It's aesthetic is visually pleasing and colourful which makes every scene a joy to watch. Furthermore, when paired with the very fun score from Desplat it gives even the most quirky scene a hint of suspense and tension (such as Deputy Kovac's run from Jopling).

    Its dark tongue in cheek humour is perfectly timed and not too overdone.

    The plot is very complicated but certainly not impossible to understand, however this wonderful film is one to entertain, rather than to keep the viewer on the edge of their seat; therefore I would recommend to a first-timer to try and enjoy it rather than to try and keep up and figure out the story.

    It is a shame that Wes Anderson did not receive any Academy Awards for this masterpiece.
  • Warning: Spoilers
    Wes Anderson seems to be one of those Directors to look forward to as he has gained a reputation for his quirky eccentricity and stylish flair over the years. In his new film, 'The Grand Budapest Hotel' he tightly weaves together a crime caper that is sharp, witty and slick, but sadly lacks interesting characters.

    I won't go too far in explaining the plot because a lot happens in the 1 hour and 40 minute running time. The narrative is rather complex as it is handed down from Tom Wilkinson who plays the author who hands the story to his younger self played by Jude Law, who then speaks to Mr Moustafa (F. Murray Abraham) who then tells Jude Law his times of when he got a job as a Lobby Boy at the Grand Budapest Hotel, working for the eccentric perfectionist M. Gustave (Ralph Fiennes). We then move from the run down Hotel of that time to the 1930′s when the hotel was booming. We see the hotel in a wedding cake style aesthetic, where anyone who is anyone in the aristocratic world comes to stay, and alt of the time, sleep with Gustave. This includes elderly aristocrat Madame D (An unrecognisable Tilda Swinton). When Madame D dies, she leaves Gustave a priceless painting 'Boy with Apple', to the disgust of Madame D's greedy family, especially her conniving son Dimitri (Adrien Brody). This starts off a chain events which involve lawyers and hit men, an elaborate prison break, a secret society, a woman who hides things in her detailed cakes, and unspecified war and much more.

    The film looks amazing. It adopts the aesthetic which has become the signature of Wes Anderson films. The perfect framing, the elaborate set design, the costumes matching the sets and all the quirkiness and eccentric deadpan humour to boot. Ralph Fiennes proves to be a fantastic comic lead. His sense of timing and delivery is perfect. Also, his character is very interesting as he initially comes across as a self serving eccentric, but as the film goes on, you realise he has a lot of good in him. Unfortunately, I felt he was the only interesting character in it. Many of the touted cameos which include Owen Wilson, Jason Schwartzman, Bill Murray, Lea Seydoux, Harvey Keitel, Jeff Goldblum and Willem Dafoe play a small part in the plot, but a lot of them are underused. The talented Saoirse Ronan I felt was particularly underused. The intricate and complicated plot felt tiresome towards the end as so much takes place and the dialogue is so quick and sharp, that if you miss a line, you will miss a big part of the plot. It started to feel too cluttered as there were too many people in it and too much happening. It is still consistently funny and dazzling, but lacked emotional involvement that it felt slightly empty. I think personally, I still pine for Wes Anderson's more melancholic tones of 'The Royal Tenembaums' and 'Rushmore'. In those films, I cared more for the characters and enjoyed the visual and quirky style. I feel his films are drifting towards a more silly and farcical tone, which is fine, but in my opinion I don't feel it is for the better.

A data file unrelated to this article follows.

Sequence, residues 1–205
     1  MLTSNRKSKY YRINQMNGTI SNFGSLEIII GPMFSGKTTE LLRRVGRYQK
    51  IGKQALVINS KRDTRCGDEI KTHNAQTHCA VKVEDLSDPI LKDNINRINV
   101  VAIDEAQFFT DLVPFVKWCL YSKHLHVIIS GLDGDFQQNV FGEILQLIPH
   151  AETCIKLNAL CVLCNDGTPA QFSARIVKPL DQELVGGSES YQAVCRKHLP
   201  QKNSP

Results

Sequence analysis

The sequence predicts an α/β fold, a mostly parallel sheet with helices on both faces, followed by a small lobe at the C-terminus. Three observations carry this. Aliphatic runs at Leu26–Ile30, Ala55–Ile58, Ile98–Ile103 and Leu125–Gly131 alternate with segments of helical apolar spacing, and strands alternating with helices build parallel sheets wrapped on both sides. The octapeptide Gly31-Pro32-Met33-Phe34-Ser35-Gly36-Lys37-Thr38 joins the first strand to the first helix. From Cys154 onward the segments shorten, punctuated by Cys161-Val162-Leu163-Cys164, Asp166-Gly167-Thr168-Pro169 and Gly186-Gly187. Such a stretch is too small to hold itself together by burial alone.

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  • Warning: Spoilers
    Interesting sets, beautifully locations, wooden characters. Too much of the story takes places in trains, a prison and the countryside. I really wish more of the plot had taken place in the hotel. Following a confusing beginning (there is a double flashback), the story took off without any real direction or reason. When the movie ended, many people in the audience applauded. My feeling was "that's it?" All the ingredients were there but the cake didn't rise.